The Community Schools Playbook describes family engagement as essential to accomplish the following outcomes in learning environments:

  • Fostering relationships of trust and respect
  • Building capacity of all stakeholders & the community
  • Creating empowered decision-making processes
  • Leveraging local resources and expertise
  • Addressing educational inequities

Additionally, the Community Schools Playbook discusses how meaningful partnerships can improve the school climate and student outcomes in almost every area.

The National Association for the Education of Young Children outlines 6 Principles of Effective Family Engagement that every school should consider and provides examples of these principles.

Joyce Epstein defined 6 Types of Involvement that schools, families, and communities can participate in at different levels. The types of involvement go from least involved at 1 to most involved at 6:

  1. Parenting
  2. Communicating
  3. Volunteering
  4. Learning at Home
  5. Decision Making
  6. Collaborating with the Community

Epstein’s framework is helpful because it affirms all types of involvement while encouraging and providing guidance on how to incorporate more involvement types.

  • The Nebraska Department of Education has purchased a statewide license to TransACT Parent Notices. TransAct helps schools “amplify parent engagement in your district with an unlimited, district wide subscription to translated parent notifications that meet federal parent and family engagement requirements.”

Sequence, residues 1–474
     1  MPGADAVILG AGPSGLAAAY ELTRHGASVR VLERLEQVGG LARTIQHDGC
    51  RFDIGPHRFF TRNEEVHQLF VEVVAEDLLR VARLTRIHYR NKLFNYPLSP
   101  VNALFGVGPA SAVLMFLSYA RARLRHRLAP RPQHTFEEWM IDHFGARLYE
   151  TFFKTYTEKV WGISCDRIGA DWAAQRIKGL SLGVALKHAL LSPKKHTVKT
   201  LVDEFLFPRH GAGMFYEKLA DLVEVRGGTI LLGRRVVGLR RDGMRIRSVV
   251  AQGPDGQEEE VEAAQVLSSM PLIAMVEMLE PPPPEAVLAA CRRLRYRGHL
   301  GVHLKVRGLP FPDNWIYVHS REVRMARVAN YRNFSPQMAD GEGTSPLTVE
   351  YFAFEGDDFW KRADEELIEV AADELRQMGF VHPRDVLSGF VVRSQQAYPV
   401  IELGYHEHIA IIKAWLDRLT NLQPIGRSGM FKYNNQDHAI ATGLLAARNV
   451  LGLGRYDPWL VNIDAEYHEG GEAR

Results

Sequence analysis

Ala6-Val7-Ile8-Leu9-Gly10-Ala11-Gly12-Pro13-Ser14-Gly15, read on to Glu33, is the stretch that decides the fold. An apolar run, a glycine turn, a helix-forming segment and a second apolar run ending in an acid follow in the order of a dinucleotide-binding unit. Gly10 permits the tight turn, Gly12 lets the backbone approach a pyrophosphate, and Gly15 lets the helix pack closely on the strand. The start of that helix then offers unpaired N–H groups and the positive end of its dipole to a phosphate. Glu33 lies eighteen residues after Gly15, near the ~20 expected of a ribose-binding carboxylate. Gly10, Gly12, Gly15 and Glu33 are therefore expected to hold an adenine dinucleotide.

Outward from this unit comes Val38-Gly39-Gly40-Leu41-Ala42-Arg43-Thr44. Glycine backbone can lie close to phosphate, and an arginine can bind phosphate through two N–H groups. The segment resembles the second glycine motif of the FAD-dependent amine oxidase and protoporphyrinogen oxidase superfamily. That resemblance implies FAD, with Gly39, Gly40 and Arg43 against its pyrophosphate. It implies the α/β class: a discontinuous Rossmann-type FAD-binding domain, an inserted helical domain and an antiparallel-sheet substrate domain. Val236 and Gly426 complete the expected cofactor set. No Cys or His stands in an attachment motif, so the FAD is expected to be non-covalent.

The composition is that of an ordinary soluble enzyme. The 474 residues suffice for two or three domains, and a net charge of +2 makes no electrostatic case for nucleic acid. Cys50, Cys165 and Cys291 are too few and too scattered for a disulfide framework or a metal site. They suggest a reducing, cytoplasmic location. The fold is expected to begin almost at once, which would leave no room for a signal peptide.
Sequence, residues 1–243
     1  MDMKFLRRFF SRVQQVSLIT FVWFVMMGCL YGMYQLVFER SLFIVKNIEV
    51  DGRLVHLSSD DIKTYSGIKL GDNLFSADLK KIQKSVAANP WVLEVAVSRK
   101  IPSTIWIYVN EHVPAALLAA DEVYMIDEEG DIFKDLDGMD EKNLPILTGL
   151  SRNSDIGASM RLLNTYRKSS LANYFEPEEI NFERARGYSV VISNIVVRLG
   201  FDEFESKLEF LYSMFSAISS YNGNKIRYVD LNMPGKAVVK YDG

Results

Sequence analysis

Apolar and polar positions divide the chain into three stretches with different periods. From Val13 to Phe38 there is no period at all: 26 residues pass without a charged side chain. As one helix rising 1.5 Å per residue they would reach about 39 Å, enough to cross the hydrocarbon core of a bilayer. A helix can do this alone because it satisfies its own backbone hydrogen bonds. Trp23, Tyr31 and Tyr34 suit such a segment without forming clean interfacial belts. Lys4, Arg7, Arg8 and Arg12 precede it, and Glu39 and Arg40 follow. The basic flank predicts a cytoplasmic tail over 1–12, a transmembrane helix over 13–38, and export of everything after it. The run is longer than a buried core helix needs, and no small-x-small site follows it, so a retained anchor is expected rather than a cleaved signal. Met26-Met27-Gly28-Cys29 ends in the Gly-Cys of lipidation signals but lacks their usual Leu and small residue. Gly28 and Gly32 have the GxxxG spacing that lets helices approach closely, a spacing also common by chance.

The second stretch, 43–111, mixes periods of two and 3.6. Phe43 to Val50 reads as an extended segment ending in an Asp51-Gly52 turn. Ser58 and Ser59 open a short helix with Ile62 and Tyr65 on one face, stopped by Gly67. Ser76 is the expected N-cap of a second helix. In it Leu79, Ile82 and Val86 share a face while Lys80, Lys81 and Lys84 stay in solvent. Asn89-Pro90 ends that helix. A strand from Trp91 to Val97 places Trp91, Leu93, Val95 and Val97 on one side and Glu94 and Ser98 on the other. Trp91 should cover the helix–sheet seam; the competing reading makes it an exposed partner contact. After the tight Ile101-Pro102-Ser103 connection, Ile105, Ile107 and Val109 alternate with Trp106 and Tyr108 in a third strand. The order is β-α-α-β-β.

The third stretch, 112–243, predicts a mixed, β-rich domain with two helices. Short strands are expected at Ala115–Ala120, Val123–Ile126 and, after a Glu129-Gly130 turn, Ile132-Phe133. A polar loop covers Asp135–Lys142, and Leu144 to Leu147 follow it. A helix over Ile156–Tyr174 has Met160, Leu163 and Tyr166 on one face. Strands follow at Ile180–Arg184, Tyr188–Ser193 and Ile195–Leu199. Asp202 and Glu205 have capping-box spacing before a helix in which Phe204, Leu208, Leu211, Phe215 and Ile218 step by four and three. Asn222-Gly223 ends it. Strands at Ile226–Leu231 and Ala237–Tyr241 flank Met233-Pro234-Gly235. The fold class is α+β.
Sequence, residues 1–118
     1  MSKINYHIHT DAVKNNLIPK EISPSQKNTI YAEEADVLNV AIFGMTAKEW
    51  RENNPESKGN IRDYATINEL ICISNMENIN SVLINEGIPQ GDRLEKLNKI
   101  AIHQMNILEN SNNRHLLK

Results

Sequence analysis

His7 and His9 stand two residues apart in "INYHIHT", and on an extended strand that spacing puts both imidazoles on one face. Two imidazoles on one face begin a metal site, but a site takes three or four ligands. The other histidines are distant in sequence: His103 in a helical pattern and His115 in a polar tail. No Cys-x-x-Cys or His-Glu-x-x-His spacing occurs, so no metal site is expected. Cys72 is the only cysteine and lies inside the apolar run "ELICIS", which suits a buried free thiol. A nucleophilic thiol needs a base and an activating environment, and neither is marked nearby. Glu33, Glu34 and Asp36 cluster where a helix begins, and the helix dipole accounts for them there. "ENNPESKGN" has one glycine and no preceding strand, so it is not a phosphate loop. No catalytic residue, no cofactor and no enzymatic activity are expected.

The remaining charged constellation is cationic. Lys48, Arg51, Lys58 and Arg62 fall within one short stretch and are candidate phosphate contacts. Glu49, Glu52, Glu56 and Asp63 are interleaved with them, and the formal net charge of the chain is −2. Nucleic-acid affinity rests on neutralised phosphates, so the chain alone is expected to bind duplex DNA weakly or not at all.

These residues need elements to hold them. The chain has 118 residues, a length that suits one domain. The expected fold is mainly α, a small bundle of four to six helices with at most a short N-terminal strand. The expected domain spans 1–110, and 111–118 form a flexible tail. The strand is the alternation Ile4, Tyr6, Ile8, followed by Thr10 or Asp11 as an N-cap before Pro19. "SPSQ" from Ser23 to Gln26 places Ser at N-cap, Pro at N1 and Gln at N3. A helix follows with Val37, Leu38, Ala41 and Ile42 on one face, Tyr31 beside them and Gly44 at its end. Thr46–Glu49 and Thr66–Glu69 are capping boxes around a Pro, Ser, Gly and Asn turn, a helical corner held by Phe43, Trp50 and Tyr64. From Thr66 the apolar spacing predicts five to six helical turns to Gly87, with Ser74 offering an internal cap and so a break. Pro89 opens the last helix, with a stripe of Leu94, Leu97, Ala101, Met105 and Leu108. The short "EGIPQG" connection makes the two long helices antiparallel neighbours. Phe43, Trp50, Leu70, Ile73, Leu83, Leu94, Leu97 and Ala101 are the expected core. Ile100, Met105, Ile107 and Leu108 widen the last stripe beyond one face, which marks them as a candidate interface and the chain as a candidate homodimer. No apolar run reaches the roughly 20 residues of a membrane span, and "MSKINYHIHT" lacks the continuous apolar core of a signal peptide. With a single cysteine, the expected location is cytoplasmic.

• This training discusses how meaningful family engagement can advance equity efforts.  It was developed and implemented by the Oakland Unified School District in California
  • The National Association For Family, School, and Community Engagement (NAFSCE) has many resources surrounding engagement. Specifically this page discusses high-impact family engagement and what that means.
  • The Global Family Research Project (formerly The Harvard Family Research Project) – produces a variety of articles and resources that are research based and focus on school, family, and community engagement.
  • The National Center for Families Learning (NCFL) works to eradicate poverty through education solutions for families. Partnering with educators, literacy advocates, and policymakers, NCFL develops and provides programming, professional development, and resources for families.
  • The Child-Parent Centers (CPC) program is a federally-funded early childhood preschool model that emphasizes aligned education and services in high needs communities, for children from pre-kindergarten through the primary grades.

We plan on revising and updating the Nebraska School, Family, and Community Engagement Framework on a yearly basis and would love your input.  Please share any feedback regarding content and/or revisions needed.

We’d love to hear about great examples of Family and Community Engagement in Nebraska schools and childcare programs.  Submit a Nebraska Engagement Exemplar to be reviewed for inclusion in next year’s version of the Framework.
Submit a NE Exemplar

Updated July 2, 2023 10:42pm